IRS Cracks Down on Private Foundations

Unlike public charities that derive their support from a number of individuals, private foundations are charitable, tax-exempt entities that are created and supported by a concentrated number of individuals, typically a family unit. Since private foundations confer income and transfer (gift and estate) tax benefits, the IRS closely scrutinizes transactions between the family establishing the entity and the foundation itself.

In recent years, the IRS has become more aggressive in policing the self-dealing rules governing private foundations. Generally, it’s immaterial whether a self-dealing transaction is good or bad for the foundation. For example, if a “disqualified person” sells stock at a bargain price to a private foundation, it’s self-dealing regardless of the value of stock or amount paid.

Disqualified persons (DQPs) include a creator of the foundation (either by a trust or by forming a corporate entity), any person who contributed or bequeathed an aggregate amount of more than $5,000 if such amount is more than 2% of the total contributions for that year (and spouse contributions are aggregated), a foundation manager, more than 20% owner of substantial contributor (like a family business or partnership), a member of the family establishing the foundation, “35% entities” (those corporations, partnerships or trusts and estates having a 35% or more beneficial interest) and government officials.

It’s safe to say that almost anyone doing business or benefiting from a private foundation is a disqualified person.

If a DQP sells property, through an agent or otherwise, transfers encumbered property whether the liability is nonrecourse or recourse, lends money, borrows money, furnishes goods or services, pays unreasonable amounts of compensation or reimburses unreasonable expenses, rents office space (even if such rent is below market value), or shares office space to, for or with a private foundation, chances are the DQP has engaged in prohibited self-dealing transactions.

What are the consequences to prohibited self-dealing transactions? Here the IRS imposes either First-Tier or Second-Tier penalties. The First-Tier penalty is ten percent (10%) of the amount involved on the DQP. This penalty may be assessed on any DQP who participates, not just the one who benefits, and the liability is deemed joint and several. This penalty repeats for each year in which the prohibited transaction is outstanding. “Participating” is defined as engaging, taking part in the transaction or directing others to do so.

Foundation Managers are assessed a five percent (5%) penalty. It must be a knowing violation and willful. Again, manager first-tier penalties are joint and several, but they have a $20,000 cap for each act of self-dealing. “Participation” includes silence or inaction under a duty to act. “Knowing” means an actual knowledge of sufficient facts, awareness that the act may violate self-dealing rules, and negligence in failing to make reasonable attempts to ascertain if an action or omission constitutes self-dealing.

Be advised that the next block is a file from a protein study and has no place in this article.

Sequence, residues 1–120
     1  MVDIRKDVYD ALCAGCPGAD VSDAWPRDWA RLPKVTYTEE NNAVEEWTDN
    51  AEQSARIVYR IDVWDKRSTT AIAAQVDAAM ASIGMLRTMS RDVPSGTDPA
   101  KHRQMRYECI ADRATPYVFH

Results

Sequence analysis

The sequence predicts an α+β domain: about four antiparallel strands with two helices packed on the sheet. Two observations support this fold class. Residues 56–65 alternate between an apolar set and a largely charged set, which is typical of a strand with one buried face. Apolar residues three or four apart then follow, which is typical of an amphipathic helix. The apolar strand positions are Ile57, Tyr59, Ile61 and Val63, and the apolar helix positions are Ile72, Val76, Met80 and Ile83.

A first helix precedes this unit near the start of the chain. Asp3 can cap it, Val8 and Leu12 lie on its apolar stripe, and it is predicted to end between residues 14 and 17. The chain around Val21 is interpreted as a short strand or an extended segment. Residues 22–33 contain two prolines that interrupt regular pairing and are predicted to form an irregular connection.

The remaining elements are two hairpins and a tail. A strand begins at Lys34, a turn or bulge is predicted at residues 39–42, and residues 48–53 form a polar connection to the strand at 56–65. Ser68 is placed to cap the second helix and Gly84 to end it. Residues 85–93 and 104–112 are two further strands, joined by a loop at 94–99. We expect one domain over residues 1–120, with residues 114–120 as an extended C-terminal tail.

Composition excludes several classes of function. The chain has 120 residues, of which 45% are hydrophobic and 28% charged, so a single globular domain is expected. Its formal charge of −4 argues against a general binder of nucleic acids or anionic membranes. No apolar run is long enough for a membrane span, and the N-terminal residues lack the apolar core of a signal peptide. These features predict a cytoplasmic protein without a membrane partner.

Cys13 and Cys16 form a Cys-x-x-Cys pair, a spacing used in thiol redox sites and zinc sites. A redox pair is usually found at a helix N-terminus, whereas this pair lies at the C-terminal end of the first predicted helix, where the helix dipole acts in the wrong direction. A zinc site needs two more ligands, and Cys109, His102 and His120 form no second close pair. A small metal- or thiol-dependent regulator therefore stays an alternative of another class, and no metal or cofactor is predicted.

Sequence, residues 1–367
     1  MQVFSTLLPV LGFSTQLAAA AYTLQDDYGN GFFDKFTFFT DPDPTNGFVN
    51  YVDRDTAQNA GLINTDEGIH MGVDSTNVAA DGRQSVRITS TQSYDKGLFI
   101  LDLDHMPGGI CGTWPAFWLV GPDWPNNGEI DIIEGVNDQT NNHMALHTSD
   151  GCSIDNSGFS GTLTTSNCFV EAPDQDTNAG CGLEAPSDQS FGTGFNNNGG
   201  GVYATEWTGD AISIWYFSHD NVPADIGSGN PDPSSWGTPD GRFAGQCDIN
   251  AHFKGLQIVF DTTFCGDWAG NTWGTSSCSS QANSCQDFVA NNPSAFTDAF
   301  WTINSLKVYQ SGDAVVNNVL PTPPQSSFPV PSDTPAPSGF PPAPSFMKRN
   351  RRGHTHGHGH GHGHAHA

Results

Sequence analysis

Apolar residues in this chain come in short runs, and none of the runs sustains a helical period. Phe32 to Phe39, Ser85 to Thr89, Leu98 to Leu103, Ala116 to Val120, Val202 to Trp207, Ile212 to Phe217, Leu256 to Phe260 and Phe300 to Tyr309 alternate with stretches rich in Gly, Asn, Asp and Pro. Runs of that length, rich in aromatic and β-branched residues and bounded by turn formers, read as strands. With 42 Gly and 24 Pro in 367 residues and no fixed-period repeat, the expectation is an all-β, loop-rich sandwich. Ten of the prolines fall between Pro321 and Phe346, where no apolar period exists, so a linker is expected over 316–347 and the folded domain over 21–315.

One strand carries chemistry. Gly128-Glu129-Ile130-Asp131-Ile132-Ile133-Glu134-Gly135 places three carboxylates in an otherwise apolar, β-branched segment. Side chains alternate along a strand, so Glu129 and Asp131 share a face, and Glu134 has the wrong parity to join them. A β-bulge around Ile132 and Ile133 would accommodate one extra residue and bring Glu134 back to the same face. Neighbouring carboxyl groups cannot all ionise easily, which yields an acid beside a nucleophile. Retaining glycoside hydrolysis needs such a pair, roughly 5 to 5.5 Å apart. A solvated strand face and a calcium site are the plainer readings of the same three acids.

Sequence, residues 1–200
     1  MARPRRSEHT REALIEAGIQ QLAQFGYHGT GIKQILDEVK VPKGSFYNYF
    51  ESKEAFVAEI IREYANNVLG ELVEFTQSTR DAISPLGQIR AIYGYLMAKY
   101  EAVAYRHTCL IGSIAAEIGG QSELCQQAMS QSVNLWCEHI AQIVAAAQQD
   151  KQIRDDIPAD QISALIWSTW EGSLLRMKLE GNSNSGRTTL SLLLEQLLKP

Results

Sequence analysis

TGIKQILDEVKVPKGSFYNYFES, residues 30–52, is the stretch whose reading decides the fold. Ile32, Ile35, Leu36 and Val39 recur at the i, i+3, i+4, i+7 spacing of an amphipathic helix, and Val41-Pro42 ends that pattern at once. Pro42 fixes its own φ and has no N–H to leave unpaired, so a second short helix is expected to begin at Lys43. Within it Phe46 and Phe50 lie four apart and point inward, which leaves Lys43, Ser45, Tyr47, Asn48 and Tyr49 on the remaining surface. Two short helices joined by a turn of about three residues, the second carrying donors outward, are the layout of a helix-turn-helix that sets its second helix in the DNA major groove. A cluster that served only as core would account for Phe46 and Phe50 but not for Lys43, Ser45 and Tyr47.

Second-Tier penalties are onerous. On the participating DQP, it is two hundred percent (200%) of the amount involved if not corrected within the taxable period. For the participating Foundation Managers, second-tier penalties are fifty percent (50%) of the amount involved but only if the Foundation Manager refuses to correct the issue.

The taxable period begins on the date when self-dealing occurs and ends on the earliest of the date of IRS mailing of the deficiency notice, date when the first-tier tax is assessed or date when the correction is completed.

Correcting Self-Dealing actions are not easy. It means “undoing the transaction to the extent possible but placing the private foundation in a financial position not worse than that in which it would be if the DQP were dealing under the highest fiduciary standards. Any correction cannot be another act of self-dealing. It may involve, for example, recasting a gift by returning cash, or recission of a transaction where possible.

Allow me to illustrate self-dealing with examples. Assume that a private foundation owns a home used for foundation purposes, but the DQP has a lease allowing him to stay there when in town for fair market value rent. DQP learns that the use of the house, even for rent, is self-dealing but doesn’t want to give it up. He proposes to buy the home from the foundation but learns he can’t. The private foundation terminates the lease and makes correction by DQP contributing to private foundation marketable stocks equal in fair market value to the correction amount. The private foundation then makes the grant of the house to a public charity, but the DQP is on the board of the public charity, as are two of his attorneys. The public charity board with DQP recused then procures an appraisal and sells the house to the DQP for fair market value.

Potential issues in all of this is the sale or exchange and leasing of property, the correction itself is an act of self-dealing and the indirect correction via intermediaries.

If you have a private foundation, it’s vital to stay on top of the self-dealing rules and avoid them.

©2022 Craig R. Hersch of The Sheppard Law Firm. Learn more at

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